After leaving the interrogation room he condescendingly tosses the notes at Hart and tells him to type them up, implying that typing reports is all he's good for. When Hart protests he says, "Without me, there is no you." The partnership is rapidly fraying and Cohle seems increasingly disgusted with his partner’s late night hook philandering.

Soon afterward Maggie makes her way to Cohle's apartment to seduce him and soon they're having sex. It's not love on her part, but rather a means to get free of Hart. The look she has afterward is one of relief and being free at last. What she does not know is that Cohle is in love with her and is devestated when he realizes he was used. "What the fuck are you doing here?" Cohle asks. "I'm sorry," she replies, "it wasn't you." She needed someone that Hart could never forgive. "He'll have to go, you see, because this…this he won't live with. This will hurt him." She finally adds, "I'm sorry, but thank you" while Cohle repeatedly screams "Get the fuck out of here!"

When Cohle goes to the state police headquarters Hart is ready for him. They get into a brutal fight. Again, Hart is fighting for his honor. It has nothing to do with his wife, but how he was wronged. The partnership is broken, Cohle quits the force and Marty's marriage is over. Just like that and just like life, seemingly small acts can add up and shatter lives in many directions and for all of time.

Cohle drops off the grid for 10 years and now works as a bartender and lives behind the bar. But it’s clear that the case of the missing women and children has never left his thoughts. The current detectives think he’s guilty of the murders, but that would be much too easy.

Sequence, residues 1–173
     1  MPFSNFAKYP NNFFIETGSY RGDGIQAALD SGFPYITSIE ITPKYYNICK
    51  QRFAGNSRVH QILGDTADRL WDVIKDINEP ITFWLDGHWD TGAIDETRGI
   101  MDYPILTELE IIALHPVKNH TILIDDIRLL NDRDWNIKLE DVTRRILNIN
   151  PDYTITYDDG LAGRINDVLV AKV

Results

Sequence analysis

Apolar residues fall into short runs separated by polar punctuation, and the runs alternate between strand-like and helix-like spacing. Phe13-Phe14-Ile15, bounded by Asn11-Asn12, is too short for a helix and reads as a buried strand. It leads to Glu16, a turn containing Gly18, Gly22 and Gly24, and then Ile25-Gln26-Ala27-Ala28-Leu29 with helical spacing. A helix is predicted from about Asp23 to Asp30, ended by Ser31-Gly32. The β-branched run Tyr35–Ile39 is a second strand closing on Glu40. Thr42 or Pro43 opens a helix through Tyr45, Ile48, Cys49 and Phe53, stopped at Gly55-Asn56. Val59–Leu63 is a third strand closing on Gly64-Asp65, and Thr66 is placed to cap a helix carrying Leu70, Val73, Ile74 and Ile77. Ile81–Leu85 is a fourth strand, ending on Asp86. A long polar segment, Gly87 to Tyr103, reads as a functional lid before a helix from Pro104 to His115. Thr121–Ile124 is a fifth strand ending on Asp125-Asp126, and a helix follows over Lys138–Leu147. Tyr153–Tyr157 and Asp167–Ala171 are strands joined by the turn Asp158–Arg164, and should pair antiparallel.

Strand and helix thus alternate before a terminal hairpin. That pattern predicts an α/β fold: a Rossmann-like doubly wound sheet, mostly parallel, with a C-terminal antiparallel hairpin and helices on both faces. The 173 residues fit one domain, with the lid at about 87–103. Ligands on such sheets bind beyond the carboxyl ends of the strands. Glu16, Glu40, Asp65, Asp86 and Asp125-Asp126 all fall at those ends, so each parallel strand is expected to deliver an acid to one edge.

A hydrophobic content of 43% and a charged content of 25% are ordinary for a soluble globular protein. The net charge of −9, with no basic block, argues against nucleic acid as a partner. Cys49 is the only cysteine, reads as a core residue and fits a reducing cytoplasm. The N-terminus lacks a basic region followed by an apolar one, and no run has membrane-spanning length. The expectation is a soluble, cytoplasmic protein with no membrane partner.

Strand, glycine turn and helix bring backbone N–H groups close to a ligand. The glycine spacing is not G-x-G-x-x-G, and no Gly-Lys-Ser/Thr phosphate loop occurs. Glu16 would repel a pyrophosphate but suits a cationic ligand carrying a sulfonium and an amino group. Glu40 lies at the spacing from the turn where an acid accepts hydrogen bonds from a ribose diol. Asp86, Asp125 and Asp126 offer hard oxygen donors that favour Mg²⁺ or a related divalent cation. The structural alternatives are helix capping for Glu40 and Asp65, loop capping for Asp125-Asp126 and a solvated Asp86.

He tracks down Hart. Cohle is still driving the same old truck from years before and the rear light is still busted from the time he hurtled Hart into it as they fought over the sexual encounter with Maggie. Cohle asks if he wants to have a beer. Hart agrees, and follows Cohle's truck—but not before checking his gun to make sure he's armed. Just in case Cohle is the real killer…

With just two episodes left, the two detectives will be reunited to finish what they started seventeen years ago. Lives have been shattered and dreams have been crushed, but time goes on. A killer is still on the loose and these two men, as different as night and day, get things accomplished when they work together. Not too many of us get a second chance to make things right. But, if Hart and Cohle are able to put away their differences, prides and pasts, they just might get the chance to earn a partial measure of redemption.

For more on Hart and Cohle, read part I here and part II here. Read True Detective: Is Hart The Yellow King here.

Dale Archer, M.D., is a clinical psychiatrist and author of The New York Times bestseller, Better Than Normal: How What Makes You Different Can Make You Exceptional.